Le Corbusier is perhaps architecture’s most famous protagonist. As the father of modernism, he inspired legions of budding architects, spearheaded entire movements, and left an indelible legacy on the profession since his dominance of it during the early and mid 20th century.
Aside from leaving behind a host of incredibly influential public buildings, Le Corbusier also designed a number of private residences, including his own home in Paris, where he lived for over 30 years. The apartment is located in Immeuble Molitor: a 1930s apartment building also designed by the architect in the French capital’s 16th arrondissement. The building was very innovative for its time, marking one of the first structures in the world to have an entirely glazed facade and use skylights and walls of glass blocks to allow natural light into its interiors.
The building was listed as a UNESCO World Heritage Site in 2016, and ever since then, Le Corbusier’s personal apartment has been undergoing extensive renovation work with the hope of one day reopening its doors to the public.
Luckily for us all, that day has finally come. The apartment has been restored by the Fondation Le Corbusier: an organization that maintains the architect’s archive of artworks, writings, furniture designs, and architecture. Occupying the entirety of Immeuble Molitor’s seventh and eighth floors, the unit has been returned its original condition to allow visitors a window into the way Le Corbusier would have lived at the height of the 20th century.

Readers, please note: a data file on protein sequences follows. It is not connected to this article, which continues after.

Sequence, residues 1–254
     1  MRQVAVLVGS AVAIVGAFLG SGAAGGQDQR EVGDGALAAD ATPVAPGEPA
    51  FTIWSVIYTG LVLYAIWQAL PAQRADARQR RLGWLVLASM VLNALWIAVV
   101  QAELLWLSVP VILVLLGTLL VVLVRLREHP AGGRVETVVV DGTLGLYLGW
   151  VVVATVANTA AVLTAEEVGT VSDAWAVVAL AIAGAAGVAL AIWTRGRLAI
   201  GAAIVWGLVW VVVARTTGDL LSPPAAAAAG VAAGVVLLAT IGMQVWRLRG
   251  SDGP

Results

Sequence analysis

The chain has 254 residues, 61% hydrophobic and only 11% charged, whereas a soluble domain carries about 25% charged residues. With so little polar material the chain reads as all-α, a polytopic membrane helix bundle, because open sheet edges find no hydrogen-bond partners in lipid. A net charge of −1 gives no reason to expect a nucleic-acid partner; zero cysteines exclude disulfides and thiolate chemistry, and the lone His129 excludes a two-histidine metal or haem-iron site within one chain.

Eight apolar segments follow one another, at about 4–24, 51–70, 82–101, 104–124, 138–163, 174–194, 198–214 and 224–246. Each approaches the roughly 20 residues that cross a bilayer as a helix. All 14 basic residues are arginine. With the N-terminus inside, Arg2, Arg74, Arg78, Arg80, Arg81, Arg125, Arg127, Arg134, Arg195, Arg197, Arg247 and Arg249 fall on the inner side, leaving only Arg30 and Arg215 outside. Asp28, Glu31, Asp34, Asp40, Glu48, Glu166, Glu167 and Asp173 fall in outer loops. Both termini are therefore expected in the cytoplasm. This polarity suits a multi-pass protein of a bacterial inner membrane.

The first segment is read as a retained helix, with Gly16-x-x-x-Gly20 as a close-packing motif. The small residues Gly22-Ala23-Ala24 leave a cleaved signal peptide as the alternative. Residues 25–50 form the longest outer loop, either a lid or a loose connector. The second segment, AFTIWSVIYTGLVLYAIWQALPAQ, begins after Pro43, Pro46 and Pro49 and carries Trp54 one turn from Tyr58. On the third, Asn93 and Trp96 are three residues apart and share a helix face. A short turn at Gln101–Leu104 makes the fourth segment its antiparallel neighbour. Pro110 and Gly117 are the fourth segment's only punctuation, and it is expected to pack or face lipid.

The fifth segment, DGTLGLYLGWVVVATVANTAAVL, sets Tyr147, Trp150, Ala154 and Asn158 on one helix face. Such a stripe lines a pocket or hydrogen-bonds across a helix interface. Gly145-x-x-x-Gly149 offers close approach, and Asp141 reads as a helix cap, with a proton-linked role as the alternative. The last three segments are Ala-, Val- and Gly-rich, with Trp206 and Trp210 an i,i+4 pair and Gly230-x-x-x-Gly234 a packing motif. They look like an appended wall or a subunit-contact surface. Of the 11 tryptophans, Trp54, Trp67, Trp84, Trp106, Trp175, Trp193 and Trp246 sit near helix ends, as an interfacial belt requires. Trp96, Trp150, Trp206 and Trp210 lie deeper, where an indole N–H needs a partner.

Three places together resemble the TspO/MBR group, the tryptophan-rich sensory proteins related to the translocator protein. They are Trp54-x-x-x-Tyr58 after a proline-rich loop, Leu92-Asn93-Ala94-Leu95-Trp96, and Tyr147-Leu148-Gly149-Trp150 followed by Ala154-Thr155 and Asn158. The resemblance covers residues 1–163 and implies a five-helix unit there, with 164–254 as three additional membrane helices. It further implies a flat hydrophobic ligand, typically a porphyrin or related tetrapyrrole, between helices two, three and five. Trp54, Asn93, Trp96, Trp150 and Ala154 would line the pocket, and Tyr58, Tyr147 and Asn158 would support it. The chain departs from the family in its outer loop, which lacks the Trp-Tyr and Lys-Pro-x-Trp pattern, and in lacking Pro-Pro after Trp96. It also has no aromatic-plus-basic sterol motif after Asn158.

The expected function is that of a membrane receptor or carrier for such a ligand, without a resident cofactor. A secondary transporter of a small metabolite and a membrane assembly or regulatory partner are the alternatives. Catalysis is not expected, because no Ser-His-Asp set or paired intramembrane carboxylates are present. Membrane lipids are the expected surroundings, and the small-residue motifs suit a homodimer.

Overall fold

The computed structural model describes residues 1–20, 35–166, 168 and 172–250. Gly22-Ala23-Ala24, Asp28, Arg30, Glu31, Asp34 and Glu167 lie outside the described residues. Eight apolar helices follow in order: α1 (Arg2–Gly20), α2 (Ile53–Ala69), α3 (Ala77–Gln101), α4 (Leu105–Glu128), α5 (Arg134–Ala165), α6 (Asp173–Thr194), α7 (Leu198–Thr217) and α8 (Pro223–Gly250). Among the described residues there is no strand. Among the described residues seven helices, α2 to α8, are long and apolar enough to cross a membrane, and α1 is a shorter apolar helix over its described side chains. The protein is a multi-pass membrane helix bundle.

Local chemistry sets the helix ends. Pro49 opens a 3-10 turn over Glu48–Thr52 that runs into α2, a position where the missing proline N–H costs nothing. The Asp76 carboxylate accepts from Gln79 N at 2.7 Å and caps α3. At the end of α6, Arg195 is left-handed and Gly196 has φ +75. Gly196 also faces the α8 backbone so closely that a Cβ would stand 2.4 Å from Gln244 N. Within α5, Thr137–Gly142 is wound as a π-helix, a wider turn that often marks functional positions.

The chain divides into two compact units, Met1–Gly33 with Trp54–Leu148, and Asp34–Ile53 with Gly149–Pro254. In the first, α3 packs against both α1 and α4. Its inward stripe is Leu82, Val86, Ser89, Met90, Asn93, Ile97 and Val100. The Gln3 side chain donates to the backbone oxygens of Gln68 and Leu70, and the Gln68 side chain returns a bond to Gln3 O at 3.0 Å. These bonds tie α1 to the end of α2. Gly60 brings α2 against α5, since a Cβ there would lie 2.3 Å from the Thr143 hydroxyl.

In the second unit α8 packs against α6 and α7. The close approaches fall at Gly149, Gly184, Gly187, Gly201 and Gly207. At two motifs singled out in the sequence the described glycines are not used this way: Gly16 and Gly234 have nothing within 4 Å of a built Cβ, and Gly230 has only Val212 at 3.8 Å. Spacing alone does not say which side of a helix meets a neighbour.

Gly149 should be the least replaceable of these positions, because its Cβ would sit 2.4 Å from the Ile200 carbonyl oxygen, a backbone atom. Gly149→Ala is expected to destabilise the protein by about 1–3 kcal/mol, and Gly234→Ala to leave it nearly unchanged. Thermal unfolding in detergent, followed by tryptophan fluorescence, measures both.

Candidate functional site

The apartment embodies many of the starchitect’s tenets of good architecture, one of the most prominent of which being the facilitation of bright, airy spaces. This can be appreciated in both the unit’s views of the surrounding city and the fact that it is widely considered to be a precursor to Le Corbusier’s Ville Radieuse (The Radiant City) project, which itself focused on improving the living conditions of Paris’ urban dwellers.
Much of the apartment was based on the style and atmosphere of an ocean liner, including the bedroom, which boasts blocks of color along its walls and curved surfaces inspired by the Art Deco nature of most mid-1900s cruise ships. Like most of the other units in the building, Le Corbusier gave his own home an open plan design, effectively allowing himself (and his neighbors) to divide the interiors up as he saw fit. Open plan designs also conform to the idea of flexibility, which comprised yet another part of Le Corbusier’s architectural ethos.
While the renovation was carried out by the foundation, it was overseen by architect Francois Chatillon, who specializes in 20th-century buildings, paint expert Marie-Odile Hubert, and furniture company Cassina. This team set about matching all of the elements of the apartment to what they had been before, ultimately recreating the sense of opulent minimalism that pervades so many of Le Corbusier’s structures. One of the highlights of the restoration is Le Corbusier’s studio, which features built-in storage and a curving wall of glass blocks over a fitted studio desk.